During the trade war, the major caveat was that consumer sentiment and spending was still strong. Consumer spending makes up a very important part of the economy, and with coronavirus self-imposed/business imposed/city-wide imposed moves, this is proving to be a drastic shock to consumer spending. China has been dealing with this for 8 weeks. We’re just seeing the impact in Seattle, as major universities have cancelled classes and major companies are all telling employees to work from home. While big tech can do this, and employees in companies like Amazon and Microsoft can probably survive, what about the money they aren’t spending to put gas in their car, the lunch they bought every day, the shopping they would do, or the cocktails after work?
This is an enormous economic impact that’s only just beginning in the United States.
At this point, it’s pretty clear that containment of the virus isn’t entirely possible, and the impact of the actual virus itself is up for discussion. The number one risk to the US economy and stock market at this point is the fact that conferences, companies, schools are literally closing their doors and this’ll provide a shock impact to the economy as consumer spending halts, businesses lose money (we’re already seeing this with United Airlines that came out and said that they’re slashing flights and want employees to offer to take leaves of absence). As the stock market falls, this additionally hits consumers and companies making them less likely to spend money and invest in new projects.
The most dangerous part I believe is the fact that we went into this with the highest debt levels in history — and with this shock to the economy, it’ll only be so long before people can’t make debt repayments, and that’s how it could really get nasty.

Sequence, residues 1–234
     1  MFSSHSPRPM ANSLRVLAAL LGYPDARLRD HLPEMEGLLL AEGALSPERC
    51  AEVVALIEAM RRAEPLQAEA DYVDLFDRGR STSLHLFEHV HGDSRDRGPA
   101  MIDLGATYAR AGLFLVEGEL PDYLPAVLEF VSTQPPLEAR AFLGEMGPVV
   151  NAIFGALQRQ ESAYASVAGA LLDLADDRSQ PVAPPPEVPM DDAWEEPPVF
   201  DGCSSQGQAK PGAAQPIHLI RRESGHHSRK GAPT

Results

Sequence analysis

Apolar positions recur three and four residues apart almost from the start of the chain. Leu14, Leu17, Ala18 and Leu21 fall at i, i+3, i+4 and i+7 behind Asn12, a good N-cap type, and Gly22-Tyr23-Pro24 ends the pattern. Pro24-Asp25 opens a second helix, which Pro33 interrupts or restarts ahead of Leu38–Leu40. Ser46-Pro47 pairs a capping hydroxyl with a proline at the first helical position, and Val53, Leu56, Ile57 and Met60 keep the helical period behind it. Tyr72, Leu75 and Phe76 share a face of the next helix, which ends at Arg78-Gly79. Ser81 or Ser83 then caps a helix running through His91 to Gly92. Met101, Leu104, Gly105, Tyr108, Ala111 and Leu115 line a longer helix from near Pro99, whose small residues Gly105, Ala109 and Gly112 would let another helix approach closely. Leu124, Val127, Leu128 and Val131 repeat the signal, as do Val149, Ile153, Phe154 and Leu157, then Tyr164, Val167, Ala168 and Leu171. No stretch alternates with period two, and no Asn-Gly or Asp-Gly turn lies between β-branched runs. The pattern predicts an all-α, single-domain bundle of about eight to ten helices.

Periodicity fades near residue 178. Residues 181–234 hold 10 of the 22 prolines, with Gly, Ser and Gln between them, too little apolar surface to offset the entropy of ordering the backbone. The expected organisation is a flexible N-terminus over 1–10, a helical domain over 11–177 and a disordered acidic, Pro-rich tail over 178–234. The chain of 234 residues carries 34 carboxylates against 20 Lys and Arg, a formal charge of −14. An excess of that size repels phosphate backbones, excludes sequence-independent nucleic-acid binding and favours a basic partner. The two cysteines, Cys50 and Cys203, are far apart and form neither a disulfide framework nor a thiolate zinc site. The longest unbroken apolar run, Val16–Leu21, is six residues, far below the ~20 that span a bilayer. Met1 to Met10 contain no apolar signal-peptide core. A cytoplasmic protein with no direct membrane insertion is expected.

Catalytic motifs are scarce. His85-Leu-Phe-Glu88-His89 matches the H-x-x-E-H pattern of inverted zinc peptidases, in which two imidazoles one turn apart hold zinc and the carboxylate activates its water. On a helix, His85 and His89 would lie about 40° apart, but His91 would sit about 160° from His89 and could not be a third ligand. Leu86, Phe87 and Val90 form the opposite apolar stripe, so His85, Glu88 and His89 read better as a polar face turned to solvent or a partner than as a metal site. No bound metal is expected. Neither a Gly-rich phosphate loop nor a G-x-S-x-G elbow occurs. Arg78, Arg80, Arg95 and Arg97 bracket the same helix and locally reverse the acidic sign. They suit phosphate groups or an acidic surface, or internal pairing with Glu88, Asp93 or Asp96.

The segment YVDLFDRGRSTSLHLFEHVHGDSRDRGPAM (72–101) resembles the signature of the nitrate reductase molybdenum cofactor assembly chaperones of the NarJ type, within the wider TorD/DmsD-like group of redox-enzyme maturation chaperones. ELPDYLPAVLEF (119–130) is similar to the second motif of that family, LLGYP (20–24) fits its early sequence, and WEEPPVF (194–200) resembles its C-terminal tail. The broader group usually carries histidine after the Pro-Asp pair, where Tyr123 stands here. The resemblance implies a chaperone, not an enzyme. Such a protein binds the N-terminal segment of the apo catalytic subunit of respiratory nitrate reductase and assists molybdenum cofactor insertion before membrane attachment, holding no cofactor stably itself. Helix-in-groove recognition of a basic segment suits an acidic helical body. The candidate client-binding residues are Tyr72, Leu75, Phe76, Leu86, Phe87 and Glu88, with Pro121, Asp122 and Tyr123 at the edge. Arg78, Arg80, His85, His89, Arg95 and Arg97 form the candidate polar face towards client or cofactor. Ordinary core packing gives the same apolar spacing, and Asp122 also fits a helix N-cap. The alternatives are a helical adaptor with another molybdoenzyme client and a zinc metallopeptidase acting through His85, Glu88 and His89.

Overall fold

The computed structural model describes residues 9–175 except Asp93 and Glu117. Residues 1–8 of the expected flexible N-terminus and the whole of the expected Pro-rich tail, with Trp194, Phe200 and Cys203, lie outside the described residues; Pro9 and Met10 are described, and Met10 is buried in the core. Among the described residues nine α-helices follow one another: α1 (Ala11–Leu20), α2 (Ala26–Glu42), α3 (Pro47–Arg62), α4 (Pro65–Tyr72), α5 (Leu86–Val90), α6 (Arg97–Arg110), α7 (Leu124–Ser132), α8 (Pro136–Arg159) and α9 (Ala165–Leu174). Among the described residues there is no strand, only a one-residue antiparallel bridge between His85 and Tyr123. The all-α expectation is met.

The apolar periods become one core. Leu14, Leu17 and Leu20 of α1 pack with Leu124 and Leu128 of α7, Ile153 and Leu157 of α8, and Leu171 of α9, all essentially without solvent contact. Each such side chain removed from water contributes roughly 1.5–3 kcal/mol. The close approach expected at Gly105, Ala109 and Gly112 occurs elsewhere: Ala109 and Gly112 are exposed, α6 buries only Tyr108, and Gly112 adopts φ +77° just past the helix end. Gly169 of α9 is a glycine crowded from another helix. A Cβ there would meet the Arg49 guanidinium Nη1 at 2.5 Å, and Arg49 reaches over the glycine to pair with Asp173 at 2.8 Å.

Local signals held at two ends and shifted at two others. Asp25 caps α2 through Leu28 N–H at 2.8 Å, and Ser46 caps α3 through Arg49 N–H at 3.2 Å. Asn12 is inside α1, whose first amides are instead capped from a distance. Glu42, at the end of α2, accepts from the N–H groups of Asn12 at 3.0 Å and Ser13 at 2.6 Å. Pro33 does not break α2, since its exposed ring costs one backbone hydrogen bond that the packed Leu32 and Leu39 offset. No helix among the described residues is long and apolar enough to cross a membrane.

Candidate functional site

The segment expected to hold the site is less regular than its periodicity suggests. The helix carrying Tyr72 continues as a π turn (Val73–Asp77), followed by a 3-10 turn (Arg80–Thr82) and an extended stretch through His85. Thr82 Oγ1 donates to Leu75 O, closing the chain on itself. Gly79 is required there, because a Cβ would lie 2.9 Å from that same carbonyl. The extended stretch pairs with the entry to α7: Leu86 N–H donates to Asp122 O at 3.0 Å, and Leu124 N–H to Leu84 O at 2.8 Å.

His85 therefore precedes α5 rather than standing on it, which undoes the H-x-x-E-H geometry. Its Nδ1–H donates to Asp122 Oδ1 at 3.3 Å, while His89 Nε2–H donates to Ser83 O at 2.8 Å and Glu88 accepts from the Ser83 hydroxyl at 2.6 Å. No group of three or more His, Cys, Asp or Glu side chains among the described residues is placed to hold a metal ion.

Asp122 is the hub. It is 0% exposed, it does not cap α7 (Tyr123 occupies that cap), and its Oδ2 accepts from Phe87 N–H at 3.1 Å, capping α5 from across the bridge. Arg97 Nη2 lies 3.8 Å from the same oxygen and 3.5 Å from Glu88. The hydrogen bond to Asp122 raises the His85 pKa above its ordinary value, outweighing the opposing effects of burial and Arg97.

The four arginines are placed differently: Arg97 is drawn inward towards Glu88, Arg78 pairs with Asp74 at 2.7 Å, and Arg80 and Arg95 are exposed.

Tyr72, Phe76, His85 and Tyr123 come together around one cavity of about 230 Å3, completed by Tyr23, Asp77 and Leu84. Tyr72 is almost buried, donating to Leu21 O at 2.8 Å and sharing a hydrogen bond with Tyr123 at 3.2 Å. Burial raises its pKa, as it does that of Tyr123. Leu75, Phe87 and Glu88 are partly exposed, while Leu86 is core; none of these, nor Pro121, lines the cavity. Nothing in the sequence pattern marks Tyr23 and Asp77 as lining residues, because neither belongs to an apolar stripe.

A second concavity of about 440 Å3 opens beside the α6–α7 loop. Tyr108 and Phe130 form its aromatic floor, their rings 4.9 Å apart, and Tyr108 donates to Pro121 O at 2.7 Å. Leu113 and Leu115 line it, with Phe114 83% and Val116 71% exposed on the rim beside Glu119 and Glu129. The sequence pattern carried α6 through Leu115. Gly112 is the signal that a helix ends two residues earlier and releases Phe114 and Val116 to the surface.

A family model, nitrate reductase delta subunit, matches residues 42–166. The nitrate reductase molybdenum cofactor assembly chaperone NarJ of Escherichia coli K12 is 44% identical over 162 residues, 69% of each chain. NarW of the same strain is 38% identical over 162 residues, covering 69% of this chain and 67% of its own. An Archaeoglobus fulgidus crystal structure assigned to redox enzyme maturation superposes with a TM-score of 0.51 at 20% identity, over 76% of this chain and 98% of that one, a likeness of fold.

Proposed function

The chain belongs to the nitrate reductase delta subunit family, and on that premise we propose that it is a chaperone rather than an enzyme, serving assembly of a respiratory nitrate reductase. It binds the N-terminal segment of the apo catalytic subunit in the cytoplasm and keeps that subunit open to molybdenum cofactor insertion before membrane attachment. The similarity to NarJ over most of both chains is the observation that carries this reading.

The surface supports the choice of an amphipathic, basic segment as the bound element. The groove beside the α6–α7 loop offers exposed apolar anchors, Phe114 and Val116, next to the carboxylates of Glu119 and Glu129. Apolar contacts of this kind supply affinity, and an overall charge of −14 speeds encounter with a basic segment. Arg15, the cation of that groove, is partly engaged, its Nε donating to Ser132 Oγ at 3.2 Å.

IF companies continue to cancel conferences and events, employees are told to stop travelling, and people still don’t want to leave their homes — this is going to be the blow that reverberates throughout the stock market (and corporate earnings!) and the economy.
So, what do we do?
If and until the coronavirus fear comes to a stop — and people feel comfortable flying, conferences are back on, and gatherings aren’t a scary situation, we can expect consumer spending to take a hit, and therefore corporate earnings and lower prices in equities.
Earnings season is upcoming, and while I normally look for a run into earnings, I’m absolutely not looking for that this quarter. In fact, earnings could be a substantially worse blow to the stock market, in the near term, that what we’ve already seen. This is where we’ll see the true impact of the coronavirus.
At this time, we just don’t know how bad it’s going to be. It could be not so bad, or, it could be terrible. There are a lot of unknowns.
So, how am I trading it?
Currently, I’m focusing on short-term timeframe trades, focusing on trading the indexes, both in the options and futures market. The futures market is particularly beneficial for these moves, because they happen so quickly. Almost every night, we see a major gap up, or down, in the indexes that provides opportunity in the futures market.